Well....no it's not what everyone has been saying. You need only look at the $2 Million Dollar Retirement thread (all 20 pages of it) to prove that.

I developed an expense budget years ago, and fine-tuned it as expenses changed. Since my last job was not a salaried position with the same income every month, I tailored my budget to meet my expenses. And it worked for me.
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Old 02-26-2016, 09:48 AM
 
Location: Idaho
1,455 posts, read 1,156,701 times
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Quote:
Originally Posted by brava4 View Post
Isn't that essentially what everyone has been saying on all the other threads regarding money amounts in retirement?? Nothing new really.
I agree that there is nothing new in the article. However, I think it is good to see these common sense financial principles to be reiterated especially by financial advisers instead of some one-size-fit-all arbitrary rules like 80% replacement income, $1M retirement saving, delaying SS collection until 70 etc.
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Old 02-26-2016, 10:01 AM
 
6,283 posts, read 4,740,348 times
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I did not learn anything from this article except that this financial advisor claims that potential retirees need an advisor because the issues are complex. Not really. No advisor can tell you how much you need to spend or how you should live your life in retirement. Each individual or couple needs to estimate how much they need in retirement. They also need to balance this with the stress and lost time in continuing to work. Often cutting back expenses are a better alternative to continuing to work and save. Estimating income based on savings is also not that difficult. Anyone who wants to do a precise job needs to be able to predict rates of investment return and rates of inflation for decades into the future. No FA that I know can do that.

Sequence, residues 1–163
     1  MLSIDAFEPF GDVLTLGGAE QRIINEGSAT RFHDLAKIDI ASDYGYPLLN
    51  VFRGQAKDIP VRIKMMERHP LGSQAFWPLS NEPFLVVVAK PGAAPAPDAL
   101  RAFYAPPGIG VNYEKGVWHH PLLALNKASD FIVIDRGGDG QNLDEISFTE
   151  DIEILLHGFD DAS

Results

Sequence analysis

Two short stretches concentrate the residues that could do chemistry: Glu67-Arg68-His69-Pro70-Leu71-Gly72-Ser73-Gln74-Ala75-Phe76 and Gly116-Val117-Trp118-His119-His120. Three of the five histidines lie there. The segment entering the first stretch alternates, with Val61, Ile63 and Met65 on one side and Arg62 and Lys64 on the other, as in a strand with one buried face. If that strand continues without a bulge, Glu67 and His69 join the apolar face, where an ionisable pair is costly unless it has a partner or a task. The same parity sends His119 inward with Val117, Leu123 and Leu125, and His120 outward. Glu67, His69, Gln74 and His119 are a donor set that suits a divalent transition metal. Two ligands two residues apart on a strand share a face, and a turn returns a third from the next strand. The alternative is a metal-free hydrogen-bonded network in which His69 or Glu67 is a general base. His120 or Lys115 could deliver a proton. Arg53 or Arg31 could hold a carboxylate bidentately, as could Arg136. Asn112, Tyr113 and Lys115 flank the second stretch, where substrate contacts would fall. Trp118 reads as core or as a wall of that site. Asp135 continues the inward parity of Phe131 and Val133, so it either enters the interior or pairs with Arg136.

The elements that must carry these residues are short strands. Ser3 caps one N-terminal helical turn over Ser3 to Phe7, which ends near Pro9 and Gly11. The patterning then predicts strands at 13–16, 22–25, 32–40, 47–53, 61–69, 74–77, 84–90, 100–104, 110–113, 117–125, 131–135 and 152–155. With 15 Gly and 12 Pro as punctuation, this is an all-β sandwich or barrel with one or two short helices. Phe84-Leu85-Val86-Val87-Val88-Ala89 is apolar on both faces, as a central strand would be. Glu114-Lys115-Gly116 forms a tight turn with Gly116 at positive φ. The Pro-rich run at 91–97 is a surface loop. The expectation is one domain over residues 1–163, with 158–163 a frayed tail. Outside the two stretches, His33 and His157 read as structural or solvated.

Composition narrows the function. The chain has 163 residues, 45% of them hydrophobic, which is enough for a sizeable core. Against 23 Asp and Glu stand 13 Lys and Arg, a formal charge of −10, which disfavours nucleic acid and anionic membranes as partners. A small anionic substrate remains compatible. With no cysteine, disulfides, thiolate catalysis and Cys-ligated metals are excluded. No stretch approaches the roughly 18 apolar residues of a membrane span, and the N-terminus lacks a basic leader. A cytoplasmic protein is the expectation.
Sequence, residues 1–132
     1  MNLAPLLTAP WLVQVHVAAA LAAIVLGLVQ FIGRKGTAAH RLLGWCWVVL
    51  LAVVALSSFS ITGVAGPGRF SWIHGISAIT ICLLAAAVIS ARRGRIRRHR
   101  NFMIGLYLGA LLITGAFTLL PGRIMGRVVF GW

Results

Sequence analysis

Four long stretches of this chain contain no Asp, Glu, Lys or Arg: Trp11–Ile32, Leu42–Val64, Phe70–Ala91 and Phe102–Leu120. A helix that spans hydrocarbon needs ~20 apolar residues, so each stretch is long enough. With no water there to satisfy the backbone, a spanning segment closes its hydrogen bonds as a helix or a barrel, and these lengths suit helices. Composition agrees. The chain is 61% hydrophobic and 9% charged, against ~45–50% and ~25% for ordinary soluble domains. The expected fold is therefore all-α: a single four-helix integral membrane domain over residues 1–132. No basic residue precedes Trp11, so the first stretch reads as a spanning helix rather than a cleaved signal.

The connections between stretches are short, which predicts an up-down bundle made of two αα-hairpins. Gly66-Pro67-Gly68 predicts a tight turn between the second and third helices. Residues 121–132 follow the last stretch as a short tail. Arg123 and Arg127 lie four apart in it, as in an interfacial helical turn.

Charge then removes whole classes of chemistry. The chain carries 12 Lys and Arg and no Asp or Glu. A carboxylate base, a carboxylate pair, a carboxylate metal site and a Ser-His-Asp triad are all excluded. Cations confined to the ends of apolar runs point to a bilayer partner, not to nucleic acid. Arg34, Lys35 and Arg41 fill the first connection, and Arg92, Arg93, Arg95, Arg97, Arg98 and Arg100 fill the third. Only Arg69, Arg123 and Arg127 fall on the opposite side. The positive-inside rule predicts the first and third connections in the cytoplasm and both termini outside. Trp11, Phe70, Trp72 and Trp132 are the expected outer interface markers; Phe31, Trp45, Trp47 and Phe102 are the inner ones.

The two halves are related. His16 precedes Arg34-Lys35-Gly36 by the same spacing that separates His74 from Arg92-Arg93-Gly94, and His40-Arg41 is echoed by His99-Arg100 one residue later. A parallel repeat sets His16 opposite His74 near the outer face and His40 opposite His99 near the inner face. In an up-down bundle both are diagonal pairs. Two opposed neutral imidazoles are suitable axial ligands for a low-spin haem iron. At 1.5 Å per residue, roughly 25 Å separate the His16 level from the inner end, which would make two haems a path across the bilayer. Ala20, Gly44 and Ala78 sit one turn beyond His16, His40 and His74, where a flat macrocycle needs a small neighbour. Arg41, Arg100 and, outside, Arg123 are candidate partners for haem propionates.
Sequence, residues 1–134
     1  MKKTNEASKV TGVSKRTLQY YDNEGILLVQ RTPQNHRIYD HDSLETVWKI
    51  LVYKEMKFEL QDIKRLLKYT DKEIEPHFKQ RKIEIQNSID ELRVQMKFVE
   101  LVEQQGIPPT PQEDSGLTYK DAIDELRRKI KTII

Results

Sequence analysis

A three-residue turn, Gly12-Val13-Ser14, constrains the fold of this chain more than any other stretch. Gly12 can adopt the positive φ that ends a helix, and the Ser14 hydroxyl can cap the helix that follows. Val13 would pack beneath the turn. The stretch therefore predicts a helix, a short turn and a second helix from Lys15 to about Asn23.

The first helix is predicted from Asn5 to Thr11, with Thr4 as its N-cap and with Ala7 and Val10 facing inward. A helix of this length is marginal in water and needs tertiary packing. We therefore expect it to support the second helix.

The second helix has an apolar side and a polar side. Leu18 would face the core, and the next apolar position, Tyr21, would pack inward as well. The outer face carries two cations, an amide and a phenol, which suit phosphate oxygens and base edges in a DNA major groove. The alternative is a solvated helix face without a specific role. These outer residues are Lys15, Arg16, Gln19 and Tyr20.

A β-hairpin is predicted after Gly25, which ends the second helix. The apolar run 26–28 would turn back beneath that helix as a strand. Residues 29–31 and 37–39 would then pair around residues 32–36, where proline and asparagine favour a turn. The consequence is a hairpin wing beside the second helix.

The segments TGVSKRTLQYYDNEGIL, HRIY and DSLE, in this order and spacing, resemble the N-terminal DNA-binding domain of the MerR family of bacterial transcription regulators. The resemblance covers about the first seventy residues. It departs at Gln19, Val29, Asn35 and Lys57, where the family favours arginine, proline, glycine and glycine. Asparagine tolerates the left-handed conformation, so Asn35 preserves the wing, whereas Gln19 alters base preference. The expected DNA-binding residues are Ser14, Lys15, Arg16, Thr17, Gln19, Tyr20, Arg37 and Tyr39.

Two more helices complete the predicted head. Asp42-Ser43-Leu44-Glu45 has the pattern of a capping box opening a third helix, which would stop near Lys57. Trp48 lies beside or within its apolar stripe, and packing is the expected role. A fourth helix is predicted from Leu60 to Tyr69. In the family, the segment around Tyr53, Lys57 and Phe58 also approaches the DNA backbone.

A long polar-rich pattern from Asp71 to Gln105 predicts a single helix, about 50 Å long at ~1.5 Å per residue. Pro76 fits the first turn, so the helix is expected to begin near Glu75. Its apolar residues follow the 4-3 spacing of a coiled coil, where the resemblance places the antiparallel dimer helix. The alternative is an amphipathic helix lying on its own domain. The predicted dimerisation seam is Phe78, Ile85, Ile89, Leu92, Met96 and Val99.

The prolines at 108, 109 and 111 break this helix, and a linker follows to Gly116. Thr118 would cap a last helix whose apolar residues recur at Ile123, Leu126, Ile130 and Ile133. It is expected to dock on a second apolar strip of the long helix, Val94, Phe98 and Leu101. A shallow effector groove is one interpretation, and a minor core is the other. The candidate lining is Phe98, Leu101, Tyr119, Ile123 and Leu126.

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Old 02-26-2016, 10:44 AM
 
30,129 posts, read 47,361,961 times
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People need to be flexible both in expectations and in assessment of how to meet expectations

No plan is likely to fit a lifetime extending 25-30+ yrs of retirement w/o some adjustment
Some people want exact sureity and that is likely to be impossible
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Old 02-26-2016, 11:21 AM
eok
 
6,684 posts, read 3,173,524 times
Reputation: 8464
To most people retirement means taking a long vacation before you die. That's a morbid viewpoint. To me it means having plenty of time for creative hobbies. Each of my hobbies has the potential to become a future business, from which I might get rich.

If you have my viewpoint, you might or might not ever get rich, but you will be happier just from working towards that goal, at your own pace, with no boss to harass you. You can write books, do art, invent stuff, write computer programs, make websites, and/or almost anything that lets you be creative and work towards the goal of making something that might turn out to be big enough to make you rich and/or famous.

And it makes it easier to figure how much money you need. You need enough to not be harassed while you work towards your goals. To not be harassed by bill collectors, repairs you can't afford, medical care that leaves you bankrupt, etc. Having enough money to avoid harassment should be your goal for retirement finances.